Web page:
I just revamped the CL-ENUMERATIONS library and API.

This was simply a nice cleanup of the previous library. The new documentation pages are, of course, generated with a little HEΛP, which also got some fine tuning to be able to generate doc pages from quite a variety of relatively "plain" doc-strings.



There's a pulse

Hello there,

After a long time I finally had a few hours (sic!) to get back to actual hacking.

The main thing I did was to get myself re-accustomed with the new common-lisp.net infrastructure based on GitLab. This took some time to "realign" my repositories and getting my head wrapped around the way things work.

The result is that I went back to HEΛP to fix some tricky package issues, which are the result of wanting to be too cocky. Next I want to rework the web page layout in order to use the new HTML5 "semantic" tags.

After that, I will rework the documentation of my libraries and go on to "finish" a couple of other ones I have on the back burner.

Do I have too much on my lisping plate? :) :)




Open parenthesis

It has been a year since I posted something about Common Lisp.  What have I been doing meanwhile on this front?  Well, not much visible, but I am still ill from NIH syndrome, therefore I have been cooking up a few things, while doing my real work ;)
In any case, the most time consuming things in my corner of the Common Lisp world have been:
  • Moving repos from CVS to git and getting the new common-lisp.net to agree with me (or me with it: you decide).  Some new things have been deployed on Sourceforge as I had a very old account there.
  • Fixing HEΛP to ensure that it worked nicely in most implementations and Quicklisp.
  • Building a new library called CLAST (Common Lisp Abstract Syntax Trees; reminder of "clastic rocks") that will do TRT according to my personal tastes; this library will play a role in my rebuilding of CLAZY and other little things.
Stay tuned.



Enumerated Types in CL

The Holidays gave me some time to go back to work on another of my little libraries. Here is the result.

Enumerated Types in Common Lisp

Several programming languages have the notion of enumerated type, e.g., C/C++ enum. Common Lisp can substitute the notion of enumerated type using the member type specifiers.

    (deftype colors () '(member red green blue))

This is sufficient for the annotation purposes of traditional Common Lisp, but it falls short of the standard uses that are expected of enumerated types in C/C++ and other languages. Moreover, languages like Java now provide very structured enumerated types.
Consider the following Java enumerated type, which provides an idiomatic way to express certain language processing functionalities:

    public enum Operation {
      PLUS   { double eval(double x, double y) { return x + y; } },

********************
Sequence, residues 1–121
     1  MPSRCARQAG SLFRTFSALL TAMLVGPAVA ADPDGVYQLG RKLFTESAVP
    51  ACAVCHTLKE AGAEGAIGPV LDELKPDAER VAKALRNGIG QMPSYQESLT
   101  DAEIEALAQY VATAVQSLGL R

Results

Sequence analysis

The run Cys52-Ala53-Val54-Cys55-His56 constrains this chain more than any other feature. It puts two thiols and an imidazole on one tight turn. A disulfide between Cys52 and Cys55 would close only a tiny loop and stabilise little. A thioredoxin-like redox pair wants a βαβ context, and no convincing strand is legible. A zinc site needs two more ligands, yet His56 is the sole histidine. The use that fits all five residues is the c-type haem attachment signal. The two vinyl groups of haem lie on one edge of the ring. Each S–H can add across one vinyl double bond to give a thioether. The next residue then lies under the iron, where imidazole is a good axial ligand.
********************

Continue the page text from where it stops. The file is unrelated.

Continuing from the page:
MINUS  { double eval(double x, double y) { return x - y; } },
      TIMES  { double eval(double x, double y) { return x * y; } },
      DIVIDE { double eval(double x, double y) { return x / y; } };

      // Do arithmetic op represented by this constant
      abstract double eval(double x, double y);

It is not difficult to emulate such methods in Common Lisp using EQL specializers and using symbols as enumerated type tags.
On the other hand, C/C++ use of enumerated types as numeric integer constants, as in

    enum numbers {ONE,
                  FORTY_TWO = 42,

can easily be emulated in Common Lisp by using appropriate defconstant's; alas, this breaks the use of case and similar constructs.
Common Lisp programmers have, needless to say, come up with several versions of enumerated types. Most available definitions provide a DEFENUM or DEF-ENUM macro which provides functionalities similar to C/C++ enumerated types, while adding a switch or select macros as work-around the case problem. A typical rendition of the C/C++ enum just shown could be rendered as

    (def-enum numbers ONE TWO (FORTY-TWO 42) FORTY-THREE)

In the best Common Lisp N.I.H. tradition, yet anothern DEFENUM macro is necessary.

The DEFENUM Library

The present library, unimaginatively named DEFENUM, provides a new DEFENUM macro that merges most of the functionalities provided elsewhere. The objective is, as always, to make the simple things simple and the complex ones possible (and possibly, simple as well).
The simplest enumerated types are represented as expected:

     (defenum season (spring summer fall winter))

This defines an enumerated type (the macro expands - also - into a deftype) with the four tags indicating the seasons. The type checks work as expected, and the C/C++ behavior is also reproduced, as the following shows:

    cl-prompt> (typep 'fall 'season)

    cl-prompt> (+ fall winter)

The library provides also a number of facilities to handle enumerated types.

    cl-prompt> (season-p 'spring)

    cl-prompt> (season-p winter) ; No quote.

The function season accesses the individual tags.

    cl-prompt> (season winter) 

Tags can be handled as lists.

    cl-prompt> (tags 'season)

Other functions are available as well.

    cl-prompt> (loop for season in (tags 'season)
                     for s-id from spring
                     do (format t "~S is followed by ~S~%"
                                (tag-of 'season (mod (1+ s-id) 4))))
    SPRING is followed by SUMMER
    SUMMER is followed by FALL
    FALL is followed by WINTER
    WINTER is followed by SPRING

    cl-prompt> (previous-enum-tag 'season 'fall)

Enumerated types live in their own namespace.

    cl-prompt> (find-enum 'season)

Simple and Structured Enumerated Types